I’ve been thinking a lot about financial goals. It’s only recently I’ve started to write mine down. In the past, I let them marinate in the back of my mind until they happened, or they didn’t. Sometimes, they have been conservative: goals I knew I’d eventually reach, if I simply continued doing what I was doing. But drawing inspiration from other financial bloggers, I have a feeling I can accomplish more if I try. And I’ve decided that not buying something can be a financial goal in and of itself. Here’s how I avoid buying things I don’t need: in this case, a new car.
I decided not to buy a car this year. Marketing forces immerse us in messages to buy things, whether we need them or not. And I don’t need a car yet. Strategically not buying something can be a goal in service of bigger, badder goals. This is a post about how not to buy things you don’t need. Here is my process on how not to buy a car, as an example.
I drive a blemished 2009 Mazda 3 hatchback. It’s not a glamorous car, and likely never was. As I opened the moon roof a few months ago, I heard a tree branch or something cracking; it turned out to be plastic parts of the retractable roof snapping apart. Sometimes when I drive, the broken pieces rattle. It’s not that big of a deal, but it’s not charming either. Repair would cost a couple thousand dollars, a good portion of what the car is worth.
In 2010, my car was a pretty hot commodity, with its cruise control, CD changer, and Bose speaker system. It’s got a great turning radius, and my gas mileage is respectable. I love the smell of the aging leather, and the history we share. Together, the Mazda and I traversed four Rhode Island winters. The car has driven cross- country, and seen much of the California coast. Crevices contain grains of sand, reminding me of days at the beach. Remnants of road trip coffee coat the console. There’s a warm familiarity built on ten years of friendship.
One challenge I face, though, as I roll into the doctors’ parking lot, is seeing a host of other vehicles, most of which are nicer than mine. I get vehicular FOMO, fear of missing out. There are beautiful luxury cars, like Maseratis and Porsches. There are some my practical side covets, like the Honda Hybrids and Teslas. I’m confronted by the contrast between these cars and mine. It’s a common consumer dilemma. Yet in reality, I live so close to the hospital, I could ride my bike to work. I don’t need a new car, let alone a fancy one.
The next car I buy will be an electric or plug-in hybrid. Not only are there tax credits for purchasing them, but we have solar panels to help with charging. But electric vehicles aren’t cheap. Even in California, the monthly cost of gas still comes nowhere near the cost of a car payment. In the meantime, I can save, putting myself in a position to buy a car in cash when the time comes.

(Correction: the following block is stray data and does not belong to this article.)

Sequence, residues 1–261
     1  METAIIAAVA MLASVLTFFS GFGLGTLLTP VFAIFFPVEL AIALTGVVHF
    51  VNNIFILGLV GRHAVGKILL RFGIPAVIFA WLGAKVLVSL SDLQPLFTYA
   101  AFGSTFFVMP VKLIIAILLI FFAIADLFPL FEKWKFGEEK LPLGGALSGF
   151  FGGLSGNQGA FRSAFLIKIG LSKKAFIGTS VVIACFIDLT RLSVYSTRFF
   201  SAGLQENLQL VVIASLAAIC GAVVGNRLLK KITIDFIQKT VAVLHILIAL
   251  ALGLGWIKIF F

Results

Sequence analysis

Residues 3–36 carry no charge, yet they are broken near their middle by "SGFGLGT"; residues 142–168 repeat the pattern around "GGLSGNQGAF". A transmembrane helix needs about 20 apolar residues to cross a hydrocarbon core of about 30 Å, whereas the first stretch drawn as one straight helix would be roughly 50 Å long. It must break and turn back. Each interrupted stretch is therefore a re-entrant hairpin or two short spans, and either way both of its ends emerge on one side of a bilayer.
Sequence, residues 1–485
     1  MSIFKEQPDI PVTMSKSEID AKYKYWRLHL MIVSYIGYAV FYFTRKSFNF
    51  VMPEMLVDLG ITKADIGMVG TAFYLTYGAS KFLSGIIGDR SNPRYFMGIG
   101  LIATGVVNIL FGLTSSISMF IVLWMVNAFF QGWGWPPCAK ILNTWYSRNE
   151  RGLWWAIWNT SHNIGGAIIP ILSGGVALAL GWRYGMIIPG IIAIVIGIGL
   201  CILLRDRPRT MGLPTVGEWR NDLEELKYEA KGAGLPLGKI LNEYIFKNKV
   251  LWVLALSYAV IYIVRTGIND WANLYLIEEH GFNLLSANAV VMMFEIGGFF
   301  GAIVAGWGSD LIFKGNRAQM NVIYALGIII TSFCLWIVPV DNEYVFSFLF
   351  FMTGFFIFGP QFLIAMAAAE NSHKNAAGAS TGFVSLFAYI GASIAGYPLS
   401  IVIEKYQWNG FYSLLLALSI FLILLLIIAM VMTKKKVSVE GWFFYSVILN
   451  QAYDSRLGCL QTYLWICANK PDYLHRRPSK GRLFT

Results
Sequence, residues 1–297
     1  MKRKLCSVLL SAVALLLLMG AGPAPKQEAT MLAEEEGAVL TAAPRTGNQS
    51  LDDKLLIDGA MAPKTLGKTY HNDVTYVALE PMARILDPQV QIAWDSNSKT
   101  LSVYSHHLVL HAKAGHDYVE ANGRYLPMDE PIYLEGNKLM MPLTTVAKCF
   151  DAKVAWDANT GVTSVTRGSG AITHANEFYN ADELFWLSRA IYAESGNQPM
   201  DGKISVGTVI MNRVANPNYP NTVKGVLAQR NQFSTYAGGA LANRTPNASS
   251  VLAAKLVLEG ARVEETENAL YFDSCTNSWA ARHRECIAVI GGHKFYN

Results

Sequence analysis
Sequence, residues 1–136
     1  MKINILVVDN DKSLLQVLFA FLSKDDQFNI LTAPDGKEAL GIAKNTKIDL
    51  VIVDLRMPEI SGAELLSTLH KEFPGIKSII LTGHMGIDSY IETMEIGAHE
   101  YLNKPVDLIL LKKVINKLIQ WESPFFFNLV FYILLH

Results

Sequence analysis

Since I paid my car off 8 years ago, I’ve had no monthly payment. Anchoring is a term referring to biases we hold, based on some initial information, like an “original price.” The anchor guides our future decisions. In this example, my monthly anchor for owning a car is zero dollars per month, since aside from occasional repairs, the monthly cost of ownership is zero. On the other hand, if I was used to paying $1000 per month for a vehicle, that would serve as the anchor, making a $500 monthly payment seem like a deal.
I have financial goals that I don’t want to sabotage with unnecessary spending. As a rental property owner, I want to keep a cushion available to pay for the next repair or improvement on my property. One day, I will expand the lower unit of our duplex into the adjacent storage space, making it more spacious. Spending in this way will increase my property value. It will benefit my tenant, and eventually, make us more money in the form of higher rent. This is in contrast to spending on a car, a depreciating asset. That’s why I manage my mind around my old car.
Practicing gratitude helps me not buy things I don’t need. For example, when I was a tween, my whole family in the Czech Republic shared a 20 year old clunker. On a road trip with my dad, it broke down, stranding us for the day. The memory makes me grateful to have reliable transportation. As a teen, I learned to drive using my step-dad’s car. I was thrilled just to loop around a nearby housing development. The Accord lasted through high school, college, medical school, and internship, until finally, I had to pass it on.
On the other hand, since I’m not a huge car person, the happiness boost I’d get from a new ride isn’t likely to be commensurate with the cost. The way I think about it, it’s the opposite of diminishing returns (the next pizza slice doesn’t taste as good as the last). I’ll call it the principle of augmenting returns. The longer I wait to get a new car, the more awesome it’ll be when I do!
In the next year or two, I’ll spring for a car when I need it, or when I’m prepared to buy with cash. It’s possible for a financial goal to be not purchasing something. Maybe you’re like me- you have what you need, but you dream of something newer. Or maybe there’s a different object of desire you could look at in this way. It helps to differentiate what you want from what you need. For me, thinking about my car has been an exercise in (not) spending intentionally.
Can the idea of not buying get closer to your financial goals this year?
What are you not buying right now?
The path can be riddled with failures, even if you're doing it right. In this recording, I share some of my gaffes with you.